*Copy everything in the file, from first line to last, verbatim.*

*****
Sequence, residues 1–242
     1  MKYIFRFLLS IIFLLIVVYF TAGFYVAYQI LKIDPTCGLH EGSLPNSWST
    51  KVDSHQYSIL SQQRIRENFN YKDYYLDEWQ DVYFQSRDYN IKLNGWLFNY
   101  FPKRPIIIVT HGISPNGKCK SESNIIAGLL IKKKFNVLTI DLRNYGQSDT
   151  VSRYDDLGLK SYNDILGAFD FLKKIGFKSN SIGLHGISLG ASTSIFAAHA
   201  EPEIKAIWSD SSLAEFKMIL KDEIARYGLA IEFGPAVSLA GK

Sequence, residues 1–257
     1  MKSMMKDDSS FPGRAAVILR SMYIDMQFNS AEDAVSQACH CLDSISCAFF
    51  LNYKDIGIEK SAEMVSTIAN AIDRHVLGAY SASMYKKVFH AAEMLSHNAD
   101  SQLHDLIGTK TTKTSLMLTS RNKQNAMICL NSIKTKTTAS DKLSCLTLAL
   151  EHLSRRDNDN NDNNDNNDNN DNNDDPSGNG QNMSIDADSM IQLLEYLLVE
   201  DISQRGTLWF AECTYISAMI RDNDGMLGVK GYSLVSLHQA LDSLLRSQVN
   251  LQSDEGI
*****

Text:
Sequence, residues 1–242
     1  MKYIFRFLLS IIFLLIVVYF TAGFYVAYQI LKIDPTCGLH EGSLPNSWST
    51  KVDSHQYSIL SQQRIRENFN YKDYYLDEWQ DVYFQSRDYN IKLNGWLFNY
   101  FPKRPIIIVT HGISPNGKCK SESNIIAGLL IKKKFNVLTI DLRNYGQSDT
   151  VSRYDDLGLK SYNDILGAFD FLKKIGFKSN SIGLHGISLG ASTSIFAAHA
   201  EPEIKAIWSD SSLAEFKMIL KDEIARYGLA IEFGPAVSLA GK

Sequence, residues 1–257
     1  MKSMMKDDSS FPGRAAVILR SMYIDMQFNS AEDAVSQACH CLDSISCAFF
    51  LNYKDIGIEK SAEMVSTIAN AIDRHVLGAY SASMYKKVFH AAEMLSHNAD
   101  SQLHDLIGTK TTKTSLMLTS RNKQNAMICL NSIKTKTTAS DKLSCLTLAL
   151  EHLSRRDNDN NDNNDNNDNN DNNDDPSGNG QNMSIDADSM IQLLEYLLVE
   201  DISQRGTLWF AECTYISAMI RDNDGMLGVK GYSLVSLHQA LDSLLRSQVN
   251  LQSDEGI